Congressional Democrats meet amid simmering concerns over Biden reelection

Congressional Democrats meet amid simmering concerns over Biden reelection

Washington — Democrats in Congress met Tuesday as lawmakers returned to Capitol Hill this week for the first time following President Biden’s calamitous debate last month, which has prompted concern among the party about the path forward and calls for Mr. Biden to drop out of the 2024 presidential race. 

House Democrats meet in listening session to air concerns about Biden’s future

During what’s shaping to be a critical week in Mr. Biden’s effort to remain in the presidential race, House Democrats met behind closed doors on Tuesday to privately debate his place at the top of the ticket.

The meeting, which took place at Democrats’ campaign headquarters, outside of the Capitol, lasted for nearly two hours, with members taking two-minute turns to speak. The discussion, described by Democrats as a “listening session,” seemed to mirror the larger public discourse around the president in recent days, with some Democrats affirming their support for Mr. Biden, while others called for him to step aside, and scores others saying they’d reserve judgment until they saw more of the president in public.

Rep. Lloyd Doggett of Texas, who became the first Democratic lawmaker to call on Mr. Biden to step aside last week, told reporters he made the case for a replacement for the president in the meeting. And in a statement posted to social media late Tuesday afternoon, Rep. Mikie Sherrill of New Jersey became the seventh House Democrat to call on Mr. Biden to step aside, asking that he “declare that he won’t run for reelection and will help lead us through a process toward a new nominee.” 

Sherrill is the first congressional Democrat to call on Mr. Biden to step aside after his letter to Democrats Monday saying he’s firmly committed to remaining in the race. She said she felt she “needed to advocate as strongly as possible for new leadership so we could really prosecute the case against Donald Trump.”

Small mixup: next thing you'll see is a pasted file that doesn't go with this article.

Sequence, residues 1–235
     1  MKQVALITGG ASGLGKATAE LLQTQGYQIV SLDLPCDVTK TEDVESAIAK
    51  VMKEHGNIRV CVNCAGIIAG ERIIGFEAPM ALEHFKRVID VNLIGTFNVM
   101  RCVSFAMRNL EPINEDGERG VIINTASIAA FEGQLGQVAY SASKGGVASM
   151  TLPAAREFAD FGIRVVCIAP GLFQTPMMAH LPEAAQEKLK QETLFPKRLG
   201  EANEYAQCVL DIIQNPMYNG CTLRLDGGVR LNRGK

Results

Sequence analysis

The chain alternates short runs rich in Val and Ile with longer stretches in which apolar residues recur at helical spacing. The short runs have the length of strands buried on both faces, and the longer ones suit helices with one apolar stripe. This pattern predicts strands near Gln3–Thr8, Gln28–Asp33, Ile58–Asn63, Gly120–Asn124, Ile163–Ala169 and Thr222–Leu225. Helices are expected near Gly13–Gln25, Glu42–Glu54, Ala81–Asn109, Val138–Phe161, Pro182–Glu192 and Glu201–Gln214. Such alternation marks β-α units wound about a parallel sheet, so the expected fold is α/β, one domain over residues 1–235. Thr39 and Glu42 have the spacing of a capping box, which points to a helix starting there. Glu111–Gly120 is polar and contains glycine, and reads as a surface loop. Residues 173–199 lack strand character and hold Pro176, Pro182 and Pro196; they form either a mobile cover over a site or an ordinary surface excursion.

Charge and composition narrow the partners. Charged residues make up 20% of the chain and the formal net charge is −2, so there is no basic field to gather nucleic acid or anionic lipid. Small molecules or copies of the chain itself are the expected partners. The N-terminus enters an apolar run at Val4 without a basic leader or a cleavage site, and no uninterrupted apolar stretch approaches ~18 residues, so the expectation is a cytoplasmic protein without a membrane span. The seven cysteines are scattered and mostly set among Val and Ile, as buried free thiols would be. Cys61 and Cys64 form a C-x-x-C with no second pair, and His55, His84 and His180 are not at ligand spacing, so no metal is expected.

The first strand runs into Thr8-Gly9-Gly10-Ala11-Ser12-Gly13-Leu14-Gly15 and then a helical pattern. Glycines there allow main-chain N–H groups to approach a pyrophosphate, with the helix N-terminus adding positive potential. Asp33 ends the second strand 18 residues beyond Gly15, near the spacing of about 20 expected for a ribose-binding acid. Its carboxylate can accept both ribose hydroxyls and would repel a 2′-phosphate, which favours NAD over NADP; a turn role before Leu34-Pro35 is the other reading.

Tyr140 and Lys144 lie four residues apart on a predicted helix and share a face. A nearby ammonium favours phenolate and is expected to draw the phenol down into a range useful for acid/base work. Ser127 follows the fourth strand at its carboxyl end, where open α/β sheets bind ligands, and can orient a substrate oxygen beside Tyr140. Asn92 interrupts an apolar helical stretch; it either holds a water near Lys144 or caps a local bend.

At the same time, a number of lawmakers, including Reps. Steny Hoyer of Maryland, Hank Johnson of Georgia and Juan Vargas of California, signaled support for the president as they walked in and out of the meeting. 

“We’re riding with Biden,” Rep. Jim Clyburn of South Carolina, a long-time friend of the president, told reporters, calling the meeting “very positive.”

While the House has been the source of sporadic calls for Mr. Biden to drop out of the race, a number of House Democrats have also been among the most vocal supporters of the president’s reelection. Rep. Jerry Nadler of New York, who said earlier this week that the president should leave the race during a private conference call, told reporters Tuesday morning that he supports Mr. Biden, saying he’s made clear that he’s running, “and to me that’s dispositive — we have to support him.” 

On Monday night, Mr. Biden also received a boost from members of the Congressional Black Caucus after joining their call to talk about the election. And even among some progressives who often break with the president, like Rep. Alexandria Ocasio-Cortez of New York, there have been expressions of support. 

Ocasio-Cortez told reporters that she had spoken with the president over the weekend and he made clear he is not leaving the race. 

House Minority Leader Hakeem Jeffries speaks to reporters as he leaves a meeting at the U.S. Capitol on July 8, 2024, in Washington, D.C.
House Minority Leader Hakeem Jeffries speaks to reporters as he leaves a meeting at the U.S. Capitol on July 8, 2024, in Washington, D.C. 

Kevin Dietsch / Getty Images

“The matter is closed,” she said. “Joe Biden is our nominee. He is not leaving this race. He is in this race and I support him.”